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L Claes
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January 2017: Der Unfallchirurg
Haisheng Yang, Rachel E Embry, Russell P Main
The skeleton's osteogenic response to mechanical loading can be affected by loading duration and rest insertion during a series of loading events. Prior animal loading studies have shown that the cortical bone response saturates quickly and short rest insertions between load cycles can enhance cortical bone formation. However, it remains unknown how loading duration and short rest insertion affect load-induced osteogenesis in the mouse tibial compressive loading model, and particularly in cancellous bone. To address this issue, we applied cyclic loading (-9 N peak load; 4 Hz) to the tibiae of three groups of 16 week-old female C57BL/6 mice for two weeks, with a different number of continuous load cycles applied daily to each group (36, 216 and 1200)...
2017: PloS One
Muhammad Owais Khan, Christophe Chnafa, Diego Gallo, Filippo Molinari, Umberto Morbiducci, David A Steinman, Kristian Valen-Sendstad
Turbulent-like flows without cycle-to-cycle variations are more frequently being reported in studies of cardiovascular flows. The associated stimuli might be of mechanobiological relevance, but how to quantify them objectively is not obvious. Classical Reynolds decomposition, where the flow is separated into mean and fluctuating velocity components, is not applicable as the phase-average is zero. We therefore expanded on established techniques and present the idea, analogous to Reynolds decomposition, to decompose a flow with transient instabilities into low- versus high frequency components, respectively, to discriminate flow instabilities from the underlying cardiac pulsatility...
December 31, 2016: Journal of Biomechanics
Joao S Soares, Will Zhang, Michael S Sacks
Formation of engineering tissues (ET) remains an important scientific area of investigation for both clinical translational and mechanobiological studies. Needled-nonwoven (NNW) scaffolds represent one of the most ubiquitous biomaterials based on their well-documented capacity to sustain tissue formation and the unique property of substantial construct stiffness amplification, the latter allowing for very sensitive determination of forming tissue modulus. Yet, their use in more fundamental studies is hampered by the lack of (1) substantial understanding of the mechanics of the NNW scaffold itself under finite deformations and means to model the complex mechanical interactions between scaffold fibers, cells, and de novo tissue; and (2) rational models with reliable predictive capabilities describing their evolving mechanical properties and their response to mechanical stimulation...
January 4, 2017: Acta Biomaterialia
M Heyland, G N Duda, S Märdian, M Schütz, M Windolf
BACKGROUND: An implant used for stabilizing a fracture creates a mechanical construct, which directly determines the biology of bone healing. The stabilization of fractures places high mechanical demands on implants and therefore steel and titanium are currently almost exclusively used as the materials of choice. OBJECTIVES: The possible range of attainable mechanobiological stimulation for mechanotherapy as a function of plate stiffness depending on the selection of the plate material and the physical and mechanical properties of the material options are discussed...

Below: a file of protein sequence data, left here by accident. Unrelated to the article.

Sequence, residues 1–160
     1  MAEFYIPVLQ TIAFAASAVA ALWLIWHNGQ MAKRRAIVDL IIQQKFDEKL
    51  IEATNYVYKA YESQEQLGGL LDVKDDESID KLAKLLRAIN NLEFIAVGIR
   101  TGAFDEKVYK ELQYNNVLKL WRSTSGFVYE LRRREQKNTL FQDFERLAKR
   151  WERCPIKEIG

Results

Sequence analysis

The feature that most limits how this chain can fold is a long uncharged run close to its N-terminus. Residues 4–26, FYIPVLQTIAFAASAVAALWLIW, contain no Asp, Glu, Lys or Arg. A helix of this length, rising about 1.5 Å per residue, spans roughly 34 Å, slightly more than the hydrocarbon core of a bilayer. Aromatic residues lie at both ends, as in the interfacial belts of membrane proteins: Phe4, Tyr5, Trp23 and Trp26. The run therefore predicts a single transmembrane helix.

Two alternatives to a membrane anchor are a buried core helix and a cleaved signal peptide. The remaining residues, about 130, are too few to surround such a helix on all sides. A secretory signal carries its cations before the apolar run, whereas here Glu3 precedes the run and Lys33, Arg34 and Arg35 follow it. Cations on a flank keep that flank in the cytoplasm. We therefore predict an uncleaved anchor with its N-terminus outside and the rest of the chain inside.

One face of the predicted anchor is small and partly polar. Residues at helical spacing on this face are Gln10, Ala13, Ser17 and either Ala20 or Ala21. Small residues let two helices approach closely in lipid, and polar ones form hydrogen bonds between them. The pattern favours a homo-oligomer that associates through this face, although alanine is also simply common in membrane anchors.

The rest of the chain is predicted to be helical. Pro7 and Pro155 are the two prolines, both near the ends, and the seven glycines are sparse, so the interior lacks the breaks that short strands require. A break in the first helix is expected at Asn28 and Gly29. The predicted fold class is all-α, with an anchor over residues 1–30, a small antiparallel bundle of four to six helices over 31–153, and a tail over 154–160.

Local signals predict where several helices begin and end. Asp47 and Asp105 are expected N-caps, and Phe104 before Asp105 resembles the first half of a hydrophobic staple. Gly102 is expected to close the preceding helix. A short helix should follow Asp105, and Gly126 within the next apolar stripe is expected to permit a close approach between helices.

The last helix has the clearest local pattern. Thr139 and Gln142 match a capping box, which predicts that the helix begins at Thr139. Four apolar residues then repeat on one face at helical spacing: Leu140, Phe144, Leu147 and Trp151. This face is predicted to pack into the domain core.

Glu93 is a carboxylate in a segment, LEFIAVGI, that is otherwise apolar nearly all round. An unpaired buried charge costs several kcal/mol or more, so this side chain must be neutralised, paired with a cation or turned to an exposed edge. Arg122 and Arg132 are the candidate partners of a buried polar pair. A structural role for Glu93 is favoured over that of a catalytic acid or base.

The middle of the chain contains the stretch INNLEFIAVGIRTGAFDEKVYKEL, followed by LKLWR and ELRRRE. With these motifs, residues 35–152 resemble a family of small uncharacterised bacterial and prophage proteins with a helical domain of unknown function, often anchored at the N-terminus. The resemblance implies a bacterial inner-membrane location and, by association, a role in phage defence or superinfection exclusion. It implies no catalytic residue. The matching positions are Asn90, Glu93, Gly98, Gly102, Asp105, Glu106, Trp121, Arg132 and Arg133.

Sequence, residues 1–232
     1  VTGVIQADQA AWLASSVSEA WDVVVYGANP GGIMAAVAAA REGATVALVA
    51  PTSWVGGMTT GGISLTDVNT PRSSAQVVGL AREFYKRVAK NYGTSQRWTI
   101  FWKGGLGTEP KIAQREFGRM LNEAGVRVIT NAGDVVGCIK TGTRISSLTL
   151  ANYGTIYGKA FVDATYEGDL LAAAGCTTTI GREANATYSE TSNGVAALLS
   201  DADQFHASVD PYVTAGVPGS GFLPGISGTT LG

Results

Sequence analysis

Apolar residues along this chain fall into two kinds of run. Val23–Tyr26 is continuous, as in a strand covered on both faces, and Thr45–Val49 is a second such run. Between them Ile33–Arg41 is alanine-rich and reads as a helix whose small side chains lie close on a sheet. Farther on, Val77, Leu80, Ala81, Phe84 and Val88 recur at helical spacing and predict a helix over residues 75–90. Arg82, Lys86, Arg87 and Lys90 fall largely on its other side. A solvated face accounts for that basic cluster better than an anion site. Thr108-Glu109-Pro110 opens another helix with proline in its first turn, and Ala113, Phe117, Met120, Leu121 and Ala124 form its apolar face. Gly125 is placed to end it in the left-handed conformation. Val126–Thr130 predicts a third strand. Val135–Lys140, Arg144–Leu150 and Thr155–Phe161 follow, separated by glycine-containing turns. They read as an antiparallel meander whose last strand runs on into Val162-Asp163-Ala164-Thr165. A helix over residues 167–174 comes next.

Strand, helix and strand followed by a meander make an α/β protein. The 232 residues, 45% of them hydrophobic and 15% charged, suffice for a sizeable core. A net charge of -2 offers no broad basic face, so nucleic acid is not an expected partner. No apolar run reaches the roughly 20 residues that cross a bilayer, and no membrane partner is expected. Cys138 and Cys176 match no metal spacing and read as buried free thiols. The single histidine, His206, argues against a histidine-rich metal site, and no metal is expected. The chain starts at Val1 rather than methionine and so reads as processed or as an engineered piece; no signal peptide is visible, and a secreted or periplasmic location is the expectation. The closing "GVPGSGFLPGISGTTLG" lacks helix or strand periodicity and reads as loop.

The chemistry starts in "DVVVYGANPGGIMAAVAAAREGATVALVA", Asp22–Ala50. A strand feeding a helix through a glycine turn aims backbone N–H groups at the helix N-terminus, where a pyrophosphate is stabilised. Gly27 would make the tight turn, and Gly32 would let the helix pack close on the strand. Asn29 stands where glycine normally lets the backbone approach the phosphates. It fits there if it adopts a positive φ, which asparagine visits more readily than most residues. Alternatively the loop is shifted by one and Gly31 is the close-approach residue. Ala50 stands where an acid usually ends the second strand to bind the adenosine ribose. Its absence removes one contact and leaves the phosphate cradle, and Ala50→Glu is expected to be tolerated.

January 4, 2017: Der Unfallchirurg
Jun Nakanishi
Photoactivatable substrates, which show changes in surface cell adhesiveness in response to photoirradiation, are promising platforms for cell manipulation with high spatiotemporal resolution. In addition to having applications in cell and tissue engineering, these materials are unique tools for basic biological sciences research, and they complement conventional genetic engineering technologies. One of the most useful applications is in the study of cell migration, which occurs in various physiological and pathological processes...
December 20, 2016: Chemical Record: An Official Publication of the Chemical Society of Japan ... [et Al.]
Chenyu Huang, Longwei Liu, Zhifeng You, Bingjie Wang, Yanan Du, Rei Ogawa
Keloids are fibroproliferative skin disorders characterised clinically by continuous horizontal progression and post-surgical recurrence and histologically by the accumulation of collagen and fibroblast ingredients. Till now, their aetiology remains clear, which may cover genetic, environmental and metabolic factors. Evidence in the involvement of local mechanics (e.g. predilection site and typical shape) and the progress in mechanobiology have incubated our stiffness gap hypotheses in illustrating the chronic but constant development in keloid...
December 19, 2016: International Wound Journal
L Claes
Clinical studies do not allow a quantitative correlation between stability of fracture fixation and outcome of bone healing. This limits the biomechanical improvement of fracture fixation techniques. The most practical quantitative parameter to describe the stability of a fracture fixation is the stiffness. This can be determined for several types of fixation through biomechanical methods and in some clinical studies in vivo. By using numerical fracture healing models, it is now possible to use the tissue differentiation rules found in basic research to calculate optimal stiffness parameters for various fixation techniques...
January 2017: Der Unfallchirurg
Melissa L Knothe Tate, Nicole Y C Yu, Iman Jalilian, André F Pereira, Ulf R Knothe
Periosteum is a smart mechanobiological material that serves as a habitat and delivery vehicle for stem cells as well as biological factors that modulate tissue genesis and healing. Periosteum's remarkable regenerative capacity has been harnessed clinically for over two hundred years. Scientific studies over the past decade have begun to decipher the mechanobiology of periosteum, which has a significant role in its regenerative capacity. This integrative review outlines recent mechanobiological insights that are key to modulating and translating periosteum and its resident stem cells in a regenerative medicine context...
2016: BoneKEy Reports
L Claes
It is undisputed that the stability of fracture fixation influences the fracture healing process; however, up until now the mechanical conditions which guide bone healing were unknown and it was therefore not possible to optimize the design of fracture fixation devices. This article presents how the stability of fracture fixation, interfragmentary movement and interfragmentary tissue strain depend on each other and how the mechanical environment influences the cellular processes in the healing tissue. A tissue transformation hypothesis is presented which was developed taking into consideration the results of animal experimental studies, cellular biomechanical investigations and numerical methods...